Successful salespeople establish a clearly defined pattern for prospecting. They know that you can waste a monumental amount of time calling on leads who are not prospects for your product or service. When all you have is a name and address, you have only the possibility of developing a prospect.

Truly qualified prospects are those who are exactly right for you because they possess the necessary characteristics that make them logical buyers for your product or service. Applying a detailed screening process to each lead greatly increases your chances of successfully completing a sale.

One good description of the best prospect is someone to whom you have been referred by a person the prospect respects, one who has the ability to make a buying decision and to pay for the product or service, and one about whom you have all the personal information you need to make a good presentation.

Your goal is to cultivate prospects who pass the MADDEN Test: Money; Approachable; Desire; Decision-maker; Eligible; Need.

• Money – Separate the talkers from those who actually have the money to buy. Does the individual prospect have enough money to pay for your product or service? Is a corporate prospect solvent enough to pay its bills? You may wish to check the prospect’s standing through a credit-rating service.

You will save yourself and your company many headaches by determining a prospect’s ability to pay before spending your time and energy gaining a client who may become more of a liability than an asset.

• Approachable – Can you get an appointment? Your desired contact person may be at a higher level in the organization than you are normally able to access. Do not hesitate to ask for help from colleagues or other company executives who can assist you when there is a real possibility of gaining an important client.

Individual prospects are often approachable only if you are willing to fit your time schedule into the unique time needs of their business or profession. Be flexible. Your chances of success increase if you and the prospect meet at a time that is mutually convenient and comfortable.

• Desire – The prospect may be quite satisfied with a present supplier and have no desire to change. You can sell such a prospect only if you create or discover a desire that will motivate the prospect to move from the present supplier to you.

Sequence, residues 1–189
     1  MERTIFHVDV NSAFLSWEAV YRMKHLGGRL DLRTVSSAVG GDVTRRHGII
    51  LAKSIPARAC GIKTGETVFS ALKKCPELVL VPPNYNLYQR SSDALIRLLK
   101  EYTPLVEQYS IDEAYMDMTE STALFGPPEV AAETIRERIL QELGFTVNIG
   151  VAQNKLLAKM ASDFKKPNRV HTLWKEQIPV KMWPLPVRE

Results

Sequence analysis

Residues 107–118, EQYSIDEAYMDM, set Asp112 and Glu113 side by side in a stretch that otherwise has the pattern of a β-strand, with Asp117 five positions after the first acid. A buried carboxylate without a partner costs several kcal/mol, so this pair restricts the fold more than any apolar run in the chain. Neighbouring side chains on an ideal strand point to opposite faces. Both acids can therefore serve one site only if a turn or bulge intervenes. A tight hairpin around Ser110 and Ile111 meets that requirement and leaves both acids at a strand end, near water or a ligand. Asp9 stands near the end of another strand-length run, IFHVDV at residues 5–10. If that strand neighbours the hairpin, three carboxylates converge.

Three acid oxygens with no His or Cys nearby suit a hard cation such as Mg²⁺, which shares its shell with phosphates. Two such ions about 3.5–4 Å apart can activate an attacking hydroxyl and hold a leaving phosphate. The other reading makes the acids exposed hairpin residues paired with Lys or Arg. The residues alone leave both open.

The prospect may desire to save money, to enjoy a wider variety of services, to receive more dependable service or quicker deliveries – all of which may have been the basis for selecting the present supplier in the first place. A desire to own the product or use the service is also important.

• Decision-maker – Be sure the person you visit is the decision maker. No matter what enthusiasm for your product or service you are able to create in one manager, if that manager does not have the authority to sign the order, you will be forced to repeat the entire sales process with another person.

If you are not sure who makes the decisions in a particular company, try to see the highest ranking executive possible – even the president. Let the executive tell you whom to see. Do not hesitate to ask.

A survey made by McGraw-Hill’s Laboratory of Advertising Performance discovered that 90.3 percent of purchase decision makers interviewed had not been called on within the previous two months.

Obviously, salespeople spend a great deal of time talking to people who are not in a position to make a buying decision. When you first contact a prospect, ask who else will be involved in making the decision and set up an appointment with all individuals at one time.

• Eligible – Determine whether the prospect is eligible to buy from you. Some prospects are already committed to a competitor and cannot buy from you. More and more, large corporations are requiring branch facilities either to involve corporate purchasing or to access suppliers on national contracts.

Others need a product with greater or smaller capacity than you can offer or a service that is more or less extensive than yours. For example, some prospects for insurance obviously cannot pass the necessary physical exam, or are beyond the set age limit.

• Need – Determine the need level for your product or service. Will the business you gain be worth the amount of time you must invest to get it? Some companies are still operating with a minimum of computers. Is this situation due to a general lack of education about computer applications and usage benefits, a blatant disregard for high technology, or no real important need? Time is wasted if the latter two scenarios exist.

Always remember that you can never stop prospecting, no matter how successful you are at the moment. Some elements of change will be out of your control. Your customer’s company may merge or go out of business. A competitor could take your client away.

Does the mere idea of prospecting for new customers sound difficult, time-consuming, or boring to you? It doesn’t have to be any of those if you use your head instead of your feet. Following this approach will make prospecting perhaps a little more time consuming on the front end, but it will fill your sales pipeline with qualified leads instead of just warm bodies with names and questionable needs. And we all know that qualified prospects are key to successful selling.

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